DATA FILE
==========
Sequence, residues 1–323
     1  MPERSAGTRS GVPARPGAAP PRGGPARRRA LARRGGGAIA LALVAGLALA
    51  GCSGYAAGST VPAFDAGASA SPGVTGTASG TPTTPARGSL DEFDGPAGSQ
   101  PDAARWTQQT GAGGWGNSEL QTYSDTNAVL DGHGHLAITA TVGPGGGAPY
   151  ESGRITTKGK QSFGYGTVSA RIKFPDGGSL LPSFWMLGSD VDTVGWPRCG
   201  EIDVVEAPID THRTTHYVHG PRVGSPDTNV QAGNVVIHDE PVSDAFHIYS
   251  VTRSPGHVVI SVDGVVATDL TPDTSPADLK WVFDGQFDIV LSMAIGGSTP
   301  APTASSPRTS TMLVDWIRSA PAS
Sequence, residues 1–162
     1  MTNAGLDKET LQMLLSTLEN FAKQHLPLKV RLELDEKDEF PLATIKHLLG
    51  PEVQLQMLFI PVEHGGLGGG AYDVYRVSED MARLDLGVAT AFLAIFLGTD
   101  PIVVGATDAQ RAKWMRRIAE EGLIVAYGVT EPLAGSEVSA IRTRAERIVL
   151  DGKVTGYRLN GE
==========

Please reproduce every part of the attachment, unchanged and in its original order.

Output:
Sequence, residues 1–323
     1  MPERSAGTRS GVPARPGAAP PRGGPARRRA LARRGGGAIA LALVAGLALA
    51  GCSGYAAGST VPAFDAGASA SPGVTGTASG TPTTPARGSL DEFDGPAGSQ
   101  PDAARWTQQT GAGGWGNSEL QTYSDTNAVL DGHGHLAITA TVGPGGGAPY
   151  ESGRITTKGK QSFGYGTVSA RIKFPDGGSL LPSFWMLGSD VDTVGWPRCG
   201  EIDVVEAPID THRTTHYVHG PRVGSPDTNV QAGNVVIHDE PVSDAFHIYS
   251  VTRSPGHVVI SVDGVVATDL TPDTSPADLK WVFDGQFDIV LSMAIGGSTP
   301  APTASSPRTS TMLVDWIRSA PAS
Sequence, residues 1–162
     1  MTNAGLDKET LQMLLSTLEN FAKQHLPLKV RLELDEKDEF PLATIKHLLG
    51  PEVQLQMLFI PVEHGGLGGG AYDVYRVSED MARLDLGVAT AFLAIFLGTD
   101  PIVVGATDAQ RAKWMRRIAE EGLIVAYGVT EPLAGSEVSA IRTRAERIVL
   151  DGKVTGYRLN GE